Highlighted Selections from:

Engaging Science and Politics in a Post-2015 Framework

Day, Julia; Melissa Leach and Adrian Ely. Edited by Hannah Corbett. “Engaging Science and Politics in a Post-2015 Framework.” IDS Policy Brief 42(2013): 1–2. Print.

p.1: Enduring poverty and social inequality, in the face of rapid environmental change, have focused unprecedented attention on how social justice and environmental challenges are interlinked, from local to global levels. The post-2015 framework must address these challenges together, drawing on the natural and social sciences, and creating opportunities for inclusive, democratic debate around appropriate pathways to sustainability. Technical and social innovations have essential roles to play, but a new politics of innovation is also required. The concepts of social and planetary boundaries, integrated with a ‘3D agenda’ of direction, diversity and distribution, provide a framework which can guide such politics. They can inform deliberation and debate about the implications of different social, technological and environmental pathways to sustainability, and strategies to pursue them. -- Highlighted apr 5, 2014

p.1: Choices between different social, technological and environmental pathways areinevitably political. Transformational change will require political strategies that combine top-down regulation and bottom-up mobilisation, and new alliances across government, business and civil society interests. Through democratic debate, people and social movements across the world need to be able to define and contest their interests, values and desired futures in shaping and implementing sustainable development post-2015. -- Highlighted apr 5, 2014

p.1: Enhanced links between global science and local participation in decision-making and implementation arerequired. Alongsidetechnicallyinformed analysis at the international level, we need approaches that respond to and respect diverse values, contexts, knowledge and expertise in collaboration with formal science. -- Highlighted apr 5, 2014

p.2: Uncertainty, ambiguity and dissensus need to be made explicit and diversity should be fostered to respond to varied sustainability priorities, goals and values. -- Highlighted apr 5, 2014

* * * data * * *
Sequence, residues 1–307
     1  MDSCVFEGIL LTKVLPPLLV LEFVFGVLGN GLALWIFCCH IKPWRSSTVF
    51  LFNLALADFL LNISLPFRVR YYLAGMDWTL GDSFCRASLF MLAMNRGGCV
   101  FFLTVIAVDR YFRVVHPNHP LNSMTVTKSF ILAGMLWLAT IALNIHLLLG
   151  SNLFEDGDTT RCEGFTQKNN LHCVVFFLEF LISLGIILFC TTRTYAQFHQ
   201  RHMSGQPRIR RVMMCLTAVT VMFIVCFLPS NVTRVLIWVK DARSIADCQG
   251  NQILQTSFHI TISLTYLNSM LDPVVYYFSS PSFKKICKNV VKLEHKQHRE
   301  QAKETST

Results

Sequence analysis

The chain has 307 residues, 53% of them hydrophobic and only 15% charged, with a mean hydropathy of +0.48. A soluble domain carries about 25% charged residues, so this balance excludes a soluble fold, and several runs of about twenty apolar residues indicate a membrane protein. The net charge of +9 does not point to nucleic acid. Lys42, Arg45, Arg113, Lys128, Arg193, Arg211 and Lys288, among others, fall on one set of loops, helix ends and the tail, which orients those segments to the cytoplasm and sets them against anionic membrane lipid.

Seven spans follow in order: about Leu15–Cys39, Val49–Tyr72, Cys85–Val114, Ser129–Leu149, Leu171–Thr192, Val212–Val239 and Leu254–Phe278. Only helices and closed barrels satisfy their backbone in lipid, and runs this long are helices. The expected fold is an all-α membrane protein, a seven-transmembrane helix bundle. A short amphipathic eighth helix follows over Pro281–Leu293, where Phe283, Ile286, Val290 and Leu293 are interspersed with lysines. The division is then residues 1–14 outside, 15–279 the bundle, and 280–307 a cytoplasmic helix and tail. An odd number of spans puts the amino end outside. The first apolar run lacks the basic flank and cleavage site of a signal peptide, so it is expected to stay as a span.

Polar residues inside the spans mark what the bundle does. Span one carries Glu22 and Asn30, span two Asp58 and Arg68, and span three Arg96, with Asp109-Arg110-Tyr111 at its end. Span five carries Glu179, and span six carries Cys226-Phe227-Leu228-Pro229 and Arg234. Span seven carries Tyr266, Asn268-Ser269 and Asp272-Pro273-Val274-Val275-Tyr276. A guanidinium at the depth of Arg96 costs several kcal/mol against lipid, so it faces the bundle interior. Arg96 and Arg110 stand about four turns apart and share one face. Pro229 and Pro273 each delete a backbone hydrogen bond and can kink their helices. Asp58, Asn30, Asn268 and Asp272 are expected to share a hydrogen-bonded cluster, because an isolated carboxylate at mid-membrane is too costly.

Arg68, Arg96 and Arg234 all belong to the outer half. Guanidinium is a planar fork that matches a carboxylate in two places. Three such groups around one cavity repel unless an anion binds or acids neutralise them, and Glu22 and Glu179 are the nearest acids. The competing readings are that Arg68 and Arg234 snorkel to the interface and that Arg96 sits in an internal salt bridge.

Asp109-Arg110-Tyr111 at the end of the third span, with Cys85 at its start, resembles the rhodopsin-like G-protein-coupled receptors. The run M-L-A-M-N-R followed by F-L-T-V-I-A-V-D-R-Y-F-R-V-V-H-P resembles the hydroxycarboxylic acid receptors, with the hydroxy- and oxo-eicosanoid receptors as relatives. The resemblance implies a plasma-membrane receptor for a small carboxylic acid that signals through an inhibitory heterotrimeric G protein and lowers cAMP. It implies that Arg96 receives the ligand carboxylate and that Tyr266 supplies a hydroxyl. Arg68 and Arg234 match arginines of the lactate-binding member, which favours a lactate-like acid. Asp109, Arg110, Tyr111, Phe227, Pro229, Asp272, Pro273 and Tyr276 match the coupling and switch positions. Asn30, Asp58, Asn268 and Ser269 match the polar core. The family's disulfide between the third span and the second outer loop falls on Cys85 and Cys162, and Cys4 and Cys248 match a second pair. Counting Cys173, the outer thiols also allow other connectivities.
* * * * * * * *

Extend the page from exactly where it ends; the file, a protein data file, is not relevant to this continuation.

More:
p.2: Policy recommendations

To pay due attention to the politics of sustainable development and the role of science and innovation, the post-2015 agenda should:

  1. Be universally applicable (to global North and South), but also nationally and sub-nationally flexible, addressing needs identified through local, democratic processes.
  2. Enhance links between global science and local participation in decision-making and implementation.
  3. Recognise the role that citizens and different forms of low-tech, high-tech, social and technical innovations can play in creating pathways to sustainability.
  4. Move beyond static goals to focus on the longer-term Direction of innovation and development towards defined sustainability objectives.
  5. Pay attention to the Distribution of the costs, benefits and risks associated with different pathways to sustainability.
  6. Emphasise Diversity in social, technological and ecological systems and in the kinds of innovation approaches that can contribute to sustainable development.
  7. Engage with and support the development of a strengthened interdisciplinary, inclusive and politically astute science of sustainable development. One that brings together social and natural scientists from different fields with the expertise of citizens, resource users, policy makers, practitioners and businesses in the co-design and co-production of knowledge to inform and shape pathways to sustainability.

-- Highlighted apr 5, 2014